Being a German citizen, I am very used to structure, organization and functionality… Perhaps it’s a case of striving for some kind of perfection in our everyday lives.
In India, everything seems to work on the basis of improvisation and coincidence… what a happy country! And, indeed, people seem to be relaxed, they find the time to pause and have chats with neighbors and friends. Yet the streets are crowded with cars, people, tuk-tuks, trucks, dogs, buses, pushcarts, bicycles and motorbikes (and sometimes a cow) – where there seem to be no rules of the road. Whenever a gap appears somewhere, it immediately fills up with a car or a brave pedestrian.
India is also a country of contrasts between very poor people – even people with a regular job may live in slums – and of course, extremely rich people.
My first visit to India was organized by the Taj Hotel Group. I was picked up by somebody in uniform inside the airport who accompanied me to an air-conditioned car with a uniformed driver wearing white gloves and a white hat. My luggage was invisibly stored and I had a bottle of water and Wi-Fi. When we arrived at the Taj Mahal Palace, once again people were on hand to take care of my luggage. When I entered the hotel, beautiful Indian ladies in colorful saris approached and welcomed me with a charming “namaste”. One of them had a bowl full of flowers, a candle and red powder; she painted a red point with her finger onto my forehead, and another lady hung a necklace over my head. Everybody already knew my name.
Then a young man accompanied me to my room (it was actually a beautiful suite), guiding me through this most beautiful, historic hotel full of picturesque charm.
Everything was ultra-luxurious and perfect!
After working with the Taj Hotel Group, we are planning to establish an office in India, having learned that Indian guests have some of the highest expectations in the world. Even in budget hotels guests expect to be able to eat in their room, for the hotel to provide coffee machines, a safe and a minibar … and a 24/7 buffet in the restaurant. In luxury hotels, they also expect perfect meals from 24/7 room service.
During my last visit, I attended HICSA, the Indian hotel conference, where an on-stage discussion about limited-service hotels was taking place, and the consensus was that limited service in India is rather unlimited, compared to Europe or even the US. And if I understood it correctly, three out of four people on stage believed that India is not yet prepared for limited-service or budget hotels like those we have in the Western world.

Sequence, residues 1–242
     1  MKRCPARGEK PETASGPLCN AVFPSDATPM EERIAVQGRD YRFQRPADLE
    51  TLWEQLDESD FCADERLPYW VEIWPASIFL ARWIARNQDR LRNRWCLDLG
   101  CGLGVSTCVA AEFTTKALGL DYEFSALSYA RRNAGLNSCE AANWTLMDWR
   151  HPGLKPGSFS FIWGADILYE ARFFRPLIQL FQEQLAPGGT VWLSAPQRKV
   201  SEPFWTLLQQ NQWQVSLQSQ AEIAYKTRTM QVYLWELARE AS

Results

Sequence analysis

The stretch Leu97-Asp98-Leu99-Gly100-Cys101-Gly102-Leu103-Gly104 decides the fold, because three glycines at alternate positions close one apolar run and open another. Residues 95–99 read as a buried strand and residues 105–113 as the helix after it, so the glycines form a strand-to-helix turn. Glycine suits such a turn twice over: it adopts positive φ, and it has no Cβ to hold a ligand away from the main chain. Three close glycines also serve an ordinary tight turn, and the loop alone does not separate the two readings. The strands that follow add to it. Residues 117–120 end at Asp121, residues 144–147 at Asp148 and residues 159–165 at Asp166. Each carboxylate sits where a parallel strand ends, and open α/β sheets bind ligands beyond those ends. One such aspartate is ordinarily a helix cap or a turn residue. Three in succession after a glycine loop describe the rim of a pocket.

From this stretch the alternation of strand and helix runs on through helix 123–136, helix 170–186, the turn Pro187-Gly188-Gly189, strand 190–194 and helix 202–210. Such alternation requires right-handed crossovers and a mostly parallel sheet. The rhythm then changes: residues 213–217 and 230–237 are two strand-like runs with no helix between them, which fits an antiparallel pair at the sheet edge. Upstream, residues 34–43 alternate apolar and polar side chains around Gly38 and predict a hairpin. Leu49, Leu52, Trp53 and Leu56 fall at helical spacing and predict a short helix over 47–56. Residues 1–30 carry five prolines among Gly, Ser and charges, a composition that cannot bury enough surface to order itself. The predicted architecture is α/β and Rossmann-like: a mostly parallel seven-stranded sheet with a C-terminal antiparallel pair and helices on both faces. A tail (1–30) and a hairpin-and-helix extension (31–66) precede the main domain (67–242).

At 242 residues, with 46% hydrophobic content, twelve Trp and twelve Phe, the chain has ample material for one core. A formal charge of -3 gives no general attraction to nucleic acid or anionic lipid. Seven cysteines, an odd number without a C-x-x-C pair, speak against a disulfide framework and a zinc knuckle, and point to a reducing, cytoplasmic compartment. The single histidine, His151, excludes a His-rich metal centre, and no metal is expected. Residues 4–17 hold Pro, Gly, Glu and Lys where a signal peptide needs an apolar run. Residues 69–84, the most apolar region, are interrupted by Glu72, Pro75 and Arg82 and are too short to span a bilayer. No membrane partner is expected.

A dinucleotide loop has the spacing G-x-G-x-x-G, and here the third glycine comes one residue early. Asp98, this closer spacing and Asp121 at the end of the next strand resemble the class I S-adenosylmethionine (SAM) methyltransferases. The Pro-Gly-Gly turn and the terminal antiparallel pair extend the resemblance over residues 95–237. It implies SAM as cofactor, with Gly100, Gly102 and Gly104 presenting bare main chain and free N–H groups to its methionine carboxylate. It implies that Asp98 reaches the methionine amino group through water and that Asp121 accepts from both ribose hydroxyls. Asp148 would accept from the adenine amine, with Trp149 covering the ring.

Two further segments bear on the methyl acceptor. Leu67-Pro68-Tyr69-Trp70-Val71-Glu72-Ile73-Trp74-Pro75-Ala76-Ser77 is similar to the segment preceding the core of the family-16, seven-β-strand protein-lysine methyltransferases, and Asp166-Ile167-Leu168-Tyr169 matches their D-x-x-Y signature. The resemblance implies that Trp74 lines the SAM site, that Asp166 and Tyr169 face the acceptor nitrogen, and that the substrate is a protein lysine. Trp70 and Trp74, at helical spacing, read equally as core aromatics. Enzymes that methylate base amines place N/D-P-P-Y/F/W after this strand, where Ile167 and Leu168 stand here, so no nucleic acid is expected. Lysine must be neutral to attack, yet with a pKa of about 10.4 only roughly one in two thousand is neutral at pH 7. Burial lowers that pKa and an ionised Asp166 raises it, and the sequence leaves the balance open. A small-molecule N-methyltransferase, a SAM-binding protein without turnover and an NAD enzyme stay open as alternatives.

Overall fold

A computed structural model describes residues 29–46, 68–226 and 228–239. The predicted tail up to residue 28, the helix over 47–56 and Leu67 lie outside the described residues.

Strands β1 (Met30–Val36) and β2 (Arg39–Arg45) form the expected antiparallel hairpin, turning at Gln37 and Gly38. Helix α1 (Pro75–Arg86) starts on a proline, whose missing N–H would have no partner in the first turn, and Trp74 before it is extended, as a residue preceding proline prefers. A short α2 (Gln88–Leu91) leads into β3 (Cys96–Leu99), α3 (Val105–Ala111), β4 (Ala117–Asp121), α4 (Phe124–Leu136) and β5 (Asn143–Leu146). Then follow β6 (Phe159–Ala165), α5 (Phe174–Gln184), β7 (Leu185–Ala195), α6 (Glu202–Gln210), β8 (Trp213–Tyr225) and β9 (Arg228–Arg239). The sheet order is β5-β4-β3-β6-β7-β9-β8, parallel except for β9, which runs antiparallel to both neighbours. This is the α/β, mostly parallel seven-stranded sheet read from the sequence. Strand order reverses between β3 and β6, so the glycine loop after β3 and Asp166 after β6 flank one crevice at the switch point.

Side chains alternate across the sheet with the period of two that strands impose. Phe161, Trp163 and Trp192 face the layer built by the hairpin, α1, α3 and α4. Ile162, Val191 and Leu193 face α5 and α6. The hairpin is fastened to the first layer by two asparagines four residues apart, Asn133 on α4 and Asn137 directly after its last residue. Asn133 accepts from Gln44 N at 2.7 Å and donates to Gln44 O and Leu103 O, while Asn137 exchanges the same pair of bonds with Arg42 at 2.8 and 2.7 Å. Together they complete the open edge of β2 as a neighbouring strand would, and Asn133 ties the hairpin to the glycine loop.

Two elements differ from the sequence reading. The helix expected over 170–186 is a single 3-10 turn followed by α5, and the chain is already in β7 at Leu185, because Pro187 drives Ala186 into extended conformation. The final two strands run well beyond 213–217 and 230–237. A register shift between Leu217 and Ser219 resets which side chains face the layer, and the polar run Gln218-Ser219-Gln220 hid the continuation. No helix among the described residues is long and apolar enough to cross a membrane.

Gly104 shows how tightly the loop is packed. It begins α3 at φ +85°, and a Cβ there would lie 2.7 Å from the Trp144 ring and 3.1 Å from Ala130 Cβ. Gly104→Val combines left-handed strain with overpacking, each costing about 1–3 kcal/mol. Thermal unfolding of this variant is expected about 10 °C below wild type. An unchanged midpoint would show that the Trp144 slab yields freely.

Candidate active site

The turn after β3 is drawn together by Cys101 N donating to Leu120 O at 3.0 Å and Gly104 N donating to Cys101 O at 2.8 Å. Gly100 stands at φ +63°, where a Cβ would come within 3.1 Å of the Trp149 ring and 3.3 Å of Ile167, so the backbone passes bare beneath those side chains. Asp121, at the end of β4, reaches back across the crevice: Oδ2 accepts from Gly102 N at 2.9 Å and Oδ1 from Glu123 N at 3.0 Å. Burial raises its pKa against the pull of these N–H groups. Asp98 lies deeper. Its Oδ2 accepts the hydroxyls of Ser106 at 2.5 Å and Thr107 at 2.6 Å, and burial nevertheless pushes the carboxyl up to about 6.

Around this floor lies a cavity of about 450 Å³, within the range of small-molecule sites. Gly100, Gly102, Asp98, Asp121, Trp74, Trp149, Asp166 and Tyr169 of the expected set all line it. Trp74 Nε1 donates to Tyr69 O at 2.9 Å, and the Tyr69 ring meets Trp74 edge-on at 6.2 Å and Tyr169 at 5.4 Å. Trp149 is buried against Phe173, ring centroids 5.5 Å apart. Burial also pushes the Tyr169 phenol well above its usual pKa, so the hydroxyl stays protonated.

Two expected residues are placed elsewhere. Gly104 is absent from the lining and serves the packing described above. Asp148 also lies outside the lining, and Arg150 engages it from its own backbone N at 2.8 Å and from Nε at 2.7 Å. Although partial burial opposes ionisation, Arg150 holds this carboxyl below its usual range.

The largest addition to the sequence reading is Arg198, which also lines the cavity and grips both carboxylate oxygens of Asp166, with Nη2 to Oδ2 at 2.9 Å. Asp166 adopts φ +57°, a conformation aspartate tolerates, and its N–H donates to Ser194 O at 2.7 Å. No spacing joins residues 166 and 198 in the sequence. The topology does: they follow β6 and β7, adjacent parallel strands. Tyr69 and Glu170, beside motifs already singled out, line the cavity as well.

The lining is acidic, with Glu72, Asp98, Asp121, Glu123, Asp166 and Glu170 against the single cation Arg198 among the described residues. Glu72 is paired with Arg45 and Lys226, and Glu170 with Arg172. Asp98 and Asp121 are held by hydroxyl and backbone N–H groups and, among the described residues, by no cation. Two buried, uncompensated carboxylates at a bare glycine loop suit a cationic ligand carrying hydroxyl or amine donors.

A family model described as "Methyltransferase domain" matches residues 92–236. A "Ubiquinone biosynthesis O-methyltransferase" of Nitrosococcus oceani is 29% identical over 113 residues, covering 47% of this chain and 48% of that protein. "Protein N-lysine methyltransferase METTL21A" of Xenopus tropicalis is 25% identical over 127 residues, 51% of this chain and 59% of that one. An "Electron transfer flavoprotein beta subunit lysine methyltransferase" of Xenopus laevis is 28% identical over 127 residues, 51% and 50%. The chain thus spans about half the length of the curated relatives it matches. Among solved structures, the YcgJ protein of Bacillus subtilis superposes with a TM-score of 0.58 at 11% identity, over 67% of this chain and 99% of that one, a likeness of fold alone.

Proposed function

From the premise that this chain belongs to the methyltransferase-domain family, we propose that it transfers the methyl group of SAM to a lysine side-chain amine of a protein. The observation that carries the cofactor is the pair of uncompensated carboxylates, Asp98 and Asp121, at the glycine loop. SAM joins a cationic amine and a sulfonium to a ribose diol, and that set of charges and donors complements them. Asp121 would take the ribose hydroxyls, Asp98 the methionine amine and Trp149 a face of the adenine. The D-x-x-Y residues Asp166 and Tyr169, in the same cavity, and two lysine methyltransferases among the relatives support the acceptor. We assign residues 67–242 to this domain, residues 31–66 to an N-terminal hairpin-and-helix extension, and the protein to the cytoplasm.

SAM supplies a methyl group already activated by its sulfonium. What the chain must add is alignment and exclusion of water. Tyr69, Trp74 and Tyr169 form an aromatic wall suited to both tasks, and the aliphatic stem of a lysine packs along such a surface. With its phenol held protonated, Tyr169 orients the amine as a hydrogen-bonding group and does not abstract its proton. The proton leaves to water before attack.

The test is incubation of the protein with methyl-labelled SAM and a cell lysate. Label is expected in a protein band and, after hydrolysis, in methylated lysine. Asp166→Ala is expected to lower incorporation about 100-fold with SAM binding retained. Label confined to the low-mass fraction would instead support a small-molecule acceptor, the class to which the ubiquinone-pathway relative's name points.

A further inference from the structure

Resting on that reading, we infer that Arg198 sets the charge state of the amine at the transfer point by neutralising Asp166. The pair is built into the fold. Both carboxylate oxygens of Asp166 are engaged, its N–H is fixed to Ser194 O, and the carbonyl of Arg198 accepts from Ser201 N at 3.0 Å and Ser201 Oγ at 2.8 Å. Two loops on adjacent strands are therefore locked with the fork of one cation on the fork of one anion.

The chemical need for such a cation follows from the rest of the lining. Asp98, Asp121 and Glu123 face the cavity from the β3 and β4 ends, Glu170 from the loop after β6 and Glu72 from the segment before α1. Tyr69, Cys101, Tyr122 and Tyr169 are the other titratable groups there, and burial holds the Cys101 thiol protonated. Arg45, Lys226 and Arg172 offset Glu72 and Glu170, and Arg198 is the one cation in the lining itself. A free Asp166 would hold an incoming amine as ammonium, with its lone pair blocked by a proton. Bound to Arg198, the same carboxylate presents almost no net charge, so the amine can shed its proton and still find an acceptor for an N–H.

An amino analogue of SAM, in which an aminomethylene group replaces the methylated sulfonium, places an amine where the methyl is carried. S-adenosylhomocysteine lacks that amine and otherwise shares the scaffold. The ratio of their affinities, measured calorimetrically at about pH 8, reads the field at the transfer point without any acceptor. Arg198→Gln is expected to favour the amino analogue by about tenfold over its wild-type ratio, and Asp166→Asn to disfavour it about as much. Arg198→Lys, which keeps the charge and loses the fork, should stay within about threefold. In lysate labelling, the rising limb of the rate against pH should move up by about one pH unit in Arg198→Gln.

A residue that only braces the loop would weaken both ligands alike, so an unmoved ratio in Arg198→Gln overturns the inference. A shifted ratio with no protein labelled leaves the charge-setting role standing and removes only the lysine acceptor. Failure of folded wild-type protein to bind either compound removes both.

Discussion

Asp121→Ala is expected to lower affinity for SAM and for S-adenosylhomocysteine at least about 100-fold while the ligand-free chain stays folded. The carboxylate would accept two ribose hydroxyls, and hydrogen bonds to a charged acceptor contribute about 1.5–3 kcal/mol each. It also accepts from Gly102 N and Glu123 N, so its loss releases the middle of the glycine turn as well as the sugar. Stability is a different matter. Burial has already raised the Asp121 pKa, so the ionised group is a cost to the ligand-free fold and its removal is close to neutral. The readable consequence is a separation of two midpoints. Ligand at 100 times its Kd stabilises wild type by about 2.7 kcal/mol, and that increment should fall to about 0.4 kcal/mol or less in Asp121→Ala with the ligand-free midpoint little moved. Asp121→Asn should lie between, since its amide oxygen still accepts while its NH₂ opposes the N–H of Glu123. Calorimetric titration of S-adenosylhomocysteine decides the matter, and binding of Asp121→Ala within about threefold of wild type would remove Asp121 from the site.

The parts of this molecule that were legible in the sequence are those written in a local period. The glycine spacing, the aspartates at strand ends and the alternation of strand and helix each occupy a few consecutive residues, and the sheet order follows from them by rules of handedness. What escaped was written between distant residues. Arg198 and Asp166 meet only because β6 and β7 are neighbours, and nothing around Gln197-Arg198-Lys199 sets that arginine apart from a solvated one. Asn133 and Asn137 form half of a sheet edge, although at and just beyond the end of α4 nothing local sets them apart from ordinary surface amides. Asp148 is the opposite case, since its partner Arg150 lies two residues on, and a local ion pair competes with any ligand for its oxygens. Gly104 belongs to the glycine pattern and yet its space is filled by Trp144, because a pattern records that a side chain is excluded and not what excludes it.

Obviously, there are many people living in India, who – never in their lives – will be able to afford a night in a hotel, but those who can have very high expectations! Hundreds of times I heard the phrase “Indian hospitality,” which is indeed extraordinary! But looking at the country with a different external view, I can see that even middle-class people can easily afford to have a housekeeper, a maid, a driver … and that they are used to any kind of service. They don´t expect any less in a hotel.
But I also can see that a new, upcoming generation of millennials is much more easy-going and has traveled to other countries. They might have experienced that status will not be completely undermined if they carry the luggage yourself or if they can’t expect 24-hour room service. These “young urban professionals” might have the money to spend in full-service hotels, but they probably can’t see the value in doing so.
I don’t think you need to be a prophet to see that the near future will show the three out of four people who were on that stage that India has huge potential for select-service hotels and budget brands.